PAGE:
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El Salvador: Breakthrough in case of Jesuit martyrs

Painting of Jesuit Martyrs

After almost thirty years of impunity, there may finally be some measure of justice for the six Jesuit priests and two women murdered by the Salvadoran military in San Salvador in 1989. The following is an excerpt from an article written by Geoff Thale and Sarah Kinosian that was originally published by the Washington Office on Latin America, and also published in the March-April 2016 issue of NewsNotes.

“A U.S. judge’s February 5 decision to extradite a high-level military officer to Spain means that a Spanish court of law will likely hear evidence and pass judgment on a group of Salvadoran military officers for their role in one of the most emblematic cases in the country’s civil war. Although the trial will take place in Spain, it will have repercussions in El Salvador—for domestic politics, for the rule of law, and for human rights.  

“When finally extradited, Salvadoran colonel Orlando Montano will face charges in Spain, where he and sixteen other Salvadoran military officers have been indicted for their role in planning and carrying out the murders of the Jesuits, five of whom were Spanish citizens. Because Spanish criminal procedure dictates that a trial may only proceed when one defendant is physically present in court, the case has been stalled. So, while it may be some time before Colonel Montano exhausts his last appeal and is actually sent to Spain, the decision means that the case against him and the remaining officers will go to trial.”

. . . “Now, in El Salvador, Colonel Montano’s imminent extradition is sparking new developments.  

“In January of this year, the Spanish court renewed its request that the Salvadoran government detain sixteen retired officers while a formal extradition request was filed. But, until the Montano decision, El Salvador’s National Civilian Police (PNC) had taken no action. Then, on February 9, three days after the Montano decision, they made the four arrests. Since then, the PNC has announced they are searching for the other twelve defendants, including the then-commander of the top military academy and several former senior commanders in the armed forces. El Salvador’s president, Salvador Sánchez Cerén, has urged the defendants to turn themselves in.

“While this is a positive step towards justice, it is just an initial one. The four arrested military men were among the group that had been tried in 1991. While it is encouraging that any arrests have been made, it is quite telling about the political sensitivity of the issue that no senior officials have been captured. It remains to be seen if other arrests are made. The arrests also mean that El Salvador’s Supreme Court will have to revisit its previous decision that the amnesty law prevents the extradition of the military officers; it is not yet clear how they will rule.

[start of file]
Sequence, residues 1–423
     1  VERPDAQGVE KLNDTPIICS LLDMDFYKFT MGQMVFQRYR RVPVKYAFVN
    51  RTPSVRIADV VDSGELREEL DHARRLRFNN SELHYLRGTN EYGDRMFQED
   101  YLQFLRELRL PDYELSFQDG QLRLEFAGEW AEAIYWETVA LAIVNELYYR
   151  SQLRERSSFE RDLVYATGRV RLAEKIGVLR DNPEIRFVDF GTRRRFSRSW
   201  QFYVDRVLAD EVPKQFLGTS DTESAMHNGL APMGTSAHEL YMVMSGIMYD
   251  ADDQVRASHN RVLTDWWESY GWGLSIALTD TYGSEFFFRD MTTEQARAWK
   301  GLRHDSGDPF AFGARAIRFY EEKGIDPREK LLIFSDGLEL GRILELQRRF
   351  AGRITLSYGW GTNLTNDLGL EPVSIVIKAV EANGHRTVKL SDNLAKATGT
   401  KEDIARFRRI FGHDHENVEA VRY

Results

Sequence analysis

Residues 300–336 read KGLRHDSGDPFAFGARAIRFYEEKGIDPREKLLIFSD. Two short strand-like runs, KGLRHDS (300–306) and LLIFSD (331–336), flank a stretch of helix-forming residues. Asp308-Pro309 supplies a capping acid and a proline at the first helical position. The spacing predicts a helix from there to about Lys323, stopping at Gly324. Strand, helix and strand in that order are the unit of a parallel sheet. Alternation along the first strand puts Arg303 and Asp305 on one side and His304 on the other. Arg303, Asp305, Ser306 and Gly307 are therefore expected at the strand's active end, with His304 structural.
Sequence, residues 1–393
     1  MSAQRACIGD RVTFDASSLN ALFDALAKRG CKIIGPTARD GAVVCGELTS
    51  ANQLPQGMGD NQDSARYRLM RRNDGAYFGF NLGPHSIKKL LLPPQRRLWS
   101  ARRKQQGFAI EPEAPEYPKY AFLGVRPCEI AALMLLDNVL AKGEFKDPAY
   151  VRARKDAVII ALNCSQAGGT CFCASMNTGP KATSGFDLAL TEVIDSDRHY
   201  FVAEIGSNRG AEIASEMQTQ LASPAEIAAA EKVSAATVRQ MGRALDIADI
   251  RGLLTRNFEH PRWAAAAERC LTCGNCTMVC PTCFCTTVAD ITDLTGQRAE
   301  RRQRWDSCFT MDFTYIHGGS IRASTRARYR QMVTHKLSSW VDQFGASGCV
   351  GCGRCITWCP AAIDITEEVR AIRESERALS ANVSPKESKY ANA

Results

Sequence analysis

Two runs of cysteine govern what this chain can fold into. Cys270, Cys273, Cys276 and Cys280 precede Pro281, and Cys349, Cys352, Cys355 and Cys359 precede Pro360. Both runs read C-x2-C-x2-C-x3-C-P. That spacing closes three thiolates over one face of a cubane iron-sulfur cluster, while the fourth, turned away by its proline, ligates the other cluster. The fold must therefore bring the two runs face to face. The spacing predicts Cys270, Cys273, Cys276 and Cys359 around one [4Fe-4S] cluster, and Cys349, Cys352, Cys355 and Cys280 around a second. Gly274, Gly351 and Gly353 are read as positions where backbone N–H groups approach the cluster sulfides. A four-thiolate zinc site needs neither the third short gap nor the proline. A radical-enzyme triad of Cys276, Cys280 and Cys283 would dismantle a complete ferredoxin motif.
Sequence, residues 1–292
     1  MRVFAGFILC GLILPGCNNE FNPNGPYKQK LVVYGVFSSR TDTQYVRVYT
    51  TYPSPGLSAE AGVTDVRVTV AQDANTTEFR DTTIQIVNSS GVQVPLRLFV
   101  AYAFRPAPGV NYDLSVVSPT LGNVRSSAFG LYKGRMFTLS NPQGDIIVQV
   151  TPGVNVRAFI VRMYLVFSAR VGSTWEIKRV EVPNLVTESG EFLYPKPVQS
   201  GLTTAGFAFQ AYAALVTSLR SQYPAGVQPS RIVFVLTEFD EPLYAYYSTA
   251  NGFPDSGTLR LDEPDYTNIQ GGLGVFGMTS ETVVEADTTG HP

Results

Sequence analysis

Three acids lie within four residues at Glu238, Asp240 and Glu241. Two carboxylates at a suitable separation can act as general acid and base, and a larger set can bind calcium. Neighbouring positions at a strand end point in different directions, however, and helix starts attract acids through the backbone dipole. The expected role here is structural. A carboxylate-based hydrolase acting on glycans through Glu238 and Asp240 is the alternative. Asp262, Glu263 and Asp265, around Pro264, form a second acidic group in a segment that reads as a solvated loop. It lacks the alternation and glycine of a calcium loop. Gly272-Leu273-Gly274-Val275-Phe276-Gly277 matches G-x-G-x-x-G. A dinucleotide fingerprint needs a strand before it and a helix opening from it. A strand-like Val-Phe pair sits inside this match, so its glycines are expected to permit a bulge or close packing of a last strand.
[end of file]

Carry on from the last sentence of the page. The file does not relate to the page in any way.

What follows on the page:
“The recent arrests have already struck a nerve in El Salvador, where there has been pushback against the arrests and the possibility of extradition. The detained soldiers’ families held a press conference denouncing the arrests and calling them politicized. The conservative ARENA party and two of its small allied parties held a meeting with President Sánchez Cerén to express their opposition.”

. . .“In the coming weeks, we will see if the arrests truly bring an end to impunity in this emblematic case and what implications, if any, this will have for human rights cases in the country. The decision to extradite Colonel Montano could lead to a significant change in how El Salvador approaches historic human rights cases, and an even broader impact on the rule of law. At the very least, Colonel Montano’s extradition will likely lead to a public trial in Spain, where he and other military officers, whether present or not, are finally held accountable for their actions in the Jesuit case.”

 “Despite the complicated political uncertainties surrounding this case, it is important to note that the ruling for Colonels Montano’s extradition is an extremely important step for human rights and the rule of law. While it would be best if this trial were taking place in El Salvador, holding the trial in Spain may bring a measure of justice and open the way for future domestic prosecutions.”

Photo: Painting of Jesuit martyrs by Mary Pimmel-Freeman, on display at Rockhurst University. 

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